After 12 years in development, you might expect StarCraft 2 to have undergone some serious technical development and push your PC to its limits. Either that or it might look like its 12 years old.
The truth of course is somewhere in between: RTS games never really stresses a graphics card in the same way FPS do, but StarCraft 2 is still a good looking game. It's not just the GPU that has work to do: with dozens of units on screen and the AI scheming away in the background, the CPU doesn't get off easy.
The game engine uses DirectX 9.0c which does natively limit the multi-threading capacity of the graphics-software interface, however it also uses Havok physics which is all CPU driven. We used an Intel Core i7-980X to maximise the core count available, but we disabled Hyper-threading and power saving states. A Hyper-threading core is not a 'real' core, it's just a piece of software trickery that opens up 'what's left' of the available CPU pipeline so could easily have created inconsistencies in our tests. We ran the game entirely run from the hard disk - no slower optical media was involved.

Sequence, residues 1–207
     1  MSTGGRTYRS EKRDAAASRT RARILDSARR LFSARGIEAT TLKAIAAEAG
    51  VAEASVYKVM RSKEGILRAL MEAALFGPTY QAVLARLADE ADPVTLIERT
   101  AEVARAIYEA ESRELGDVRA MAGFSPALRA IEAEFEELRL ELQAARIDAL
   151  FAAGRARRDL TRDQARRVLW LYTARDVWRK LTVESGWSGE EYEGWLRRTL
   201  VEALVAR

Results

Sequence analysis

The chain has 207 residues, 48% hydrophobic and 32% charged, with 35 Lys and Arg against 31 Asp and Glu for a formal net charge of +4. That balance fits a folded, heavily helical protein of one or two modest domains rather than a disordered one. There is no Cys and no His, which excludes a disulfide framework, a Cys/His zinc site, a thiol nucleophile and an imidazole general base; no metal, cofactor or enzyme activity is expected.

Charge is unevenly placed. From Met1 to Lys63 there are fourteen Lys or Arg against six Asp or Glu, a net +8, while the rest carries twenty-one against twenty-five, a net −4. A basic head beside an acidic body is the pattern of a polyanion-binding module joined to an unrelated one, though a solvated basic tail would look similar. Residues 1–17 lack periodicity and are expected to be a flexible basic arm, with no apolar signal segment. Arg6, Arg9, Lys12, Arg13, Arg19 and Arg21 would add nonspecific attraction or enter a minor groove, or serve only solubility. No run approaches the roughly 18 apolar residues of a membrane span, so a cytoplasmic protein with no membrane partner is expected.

We cranked the game up to use its full detail setting and fired up a local game (required for consistent, reportable results) with seven other AIs to try and torture the system. We then built up an army and recorded a section with several dozen units on screen fighting each other.
Intel Core i7-980X CPU, Hyper-Threading and power saving states disabled;